The Colonial-style clubhouse has large white columns at the front. Several sleek, lissome, tanned, YOUNG WOMEN in golf attire walk from the clubhouse to waiting golf carts.
INT. PALMETTO GOLF COUNTRY CLUB—CLUB MANAGER'S OFFICE—CONTINUING
The club's manager, JOHNNY TURPINSEED, sits behind a gray, metal desk. Behind it is a cork-board with many paper notes pinned to it. The club president, CLEMENT WHITWORTH III, paces in front of the desk.
Dag nab it! We've got to do something. We didn't sink all this money into this club to have it ruined by some pig farmer. People don't want to play on a course that stinks like a garbage pit, and play through a lot of hogs.
Well, you didn't have to build the course until you got ownership to all the land.
Time is money, son. And how the hell was I to know that some pig-headed pig farmer would be so obstinate and foolhardy?
Maybe we could put a detour around the farm or a bridge over it?
Look. Every dag nab country club from Tampa to Tallahassee are raking in the green fees. And all we're doing here is losing receipts. You do something about this or you'll be, pardon my French, shoveling shit with that farmer. Get my meaning!
Whitworth storms out as JEFF enters.
What's that all about, Dad?
He's all upset about the Scrubs Farm on the Sixteenth hole. I'm going to call SALLY THOMPSON, our attorney, and see what we can do. We've just got to run them out.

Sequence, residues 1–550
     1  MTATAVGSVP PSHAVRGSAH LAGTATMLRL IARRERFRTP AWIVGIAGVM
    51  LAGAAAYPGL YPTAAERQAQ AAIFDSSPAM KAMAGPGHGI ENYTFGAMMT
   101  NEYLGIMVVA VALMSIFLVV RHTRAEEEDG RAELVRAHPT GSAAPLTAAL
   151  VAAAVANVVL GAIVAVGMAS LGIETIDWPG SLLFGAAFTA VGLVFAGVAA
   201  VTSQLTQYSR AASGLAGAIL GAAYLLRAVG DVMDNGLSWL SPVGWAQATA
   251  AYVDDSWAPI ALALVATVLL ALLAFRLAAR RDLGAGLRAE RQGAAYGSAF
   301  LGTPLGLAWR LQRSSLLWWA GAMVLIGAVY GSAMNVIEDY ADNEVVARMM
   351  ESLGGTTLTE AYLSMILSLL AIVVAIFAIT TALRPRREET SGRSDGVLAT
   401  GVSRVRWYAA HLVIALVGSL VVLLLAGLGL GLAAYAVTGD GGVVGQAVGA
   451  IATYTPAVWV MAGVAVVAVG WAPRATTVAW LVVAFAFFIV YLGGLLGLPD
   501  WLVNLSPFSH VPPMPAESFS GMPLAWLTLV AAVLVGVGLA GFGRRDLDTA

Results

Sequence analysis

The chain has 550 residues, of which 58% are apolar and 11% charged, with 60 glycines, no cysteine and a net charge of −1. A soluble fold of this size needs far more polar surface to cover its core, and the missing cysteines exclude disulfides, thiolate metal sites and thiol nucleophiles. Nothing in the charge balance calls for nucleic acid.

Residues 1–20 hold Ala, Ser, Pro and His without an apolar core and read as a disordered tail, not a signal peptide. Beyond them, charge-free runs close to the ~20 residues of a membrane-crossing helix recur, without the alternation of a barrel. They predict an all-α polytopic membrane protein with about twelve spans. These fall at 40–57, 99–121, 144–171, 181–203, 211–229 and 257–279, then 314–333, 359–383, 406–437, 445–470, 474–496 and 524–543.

Lulu Mae Scrubs is in my class. I think she's awfully nice.
Nice! A pig farmer's daughter? Nice! Now, I've heard it all! You, boy, had best pay attention to some of the young socialites and debutantes around here at the club if you want to get ahead in life. Now get out of here and go practice that swing of yours.
Turpinseed picks up the phone on the desk.
Get me Sally Thompson!
Gathered around a large wooden dinner table covered with many dishes piled high with food are Earl, SKEETER, Earl's twenty-eight-year-old son, and LULU MAE, Earl's seventeen-year-old daughter. The SOUNDS of CICADAS filter through the open windows.
SKEETER (to Earl)
While you were out in the pens, a woman called, a Ms. Thompson, and said she'd be stopping by tomorrow if it would be OK.